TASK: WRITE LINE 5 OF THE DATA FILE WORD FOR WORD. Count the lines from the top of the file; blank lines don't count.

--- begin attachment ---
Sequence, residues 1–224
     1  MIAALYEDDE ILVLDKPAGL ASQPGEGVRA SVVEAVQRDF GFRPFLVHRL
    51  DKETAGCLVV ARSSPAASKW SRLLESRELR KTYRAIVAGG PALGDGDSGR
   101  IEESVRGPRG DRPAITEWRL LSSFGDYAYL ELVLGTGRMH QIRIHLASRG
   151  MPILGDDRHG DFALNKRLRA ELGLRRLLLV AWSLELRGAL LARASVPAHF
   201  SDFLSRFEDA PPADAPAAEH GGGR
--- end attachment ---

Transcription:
   151  MPILGDDRHG DFALNKRLRA ELGLRRLLLV AWSLELRGAL LARASVPAHF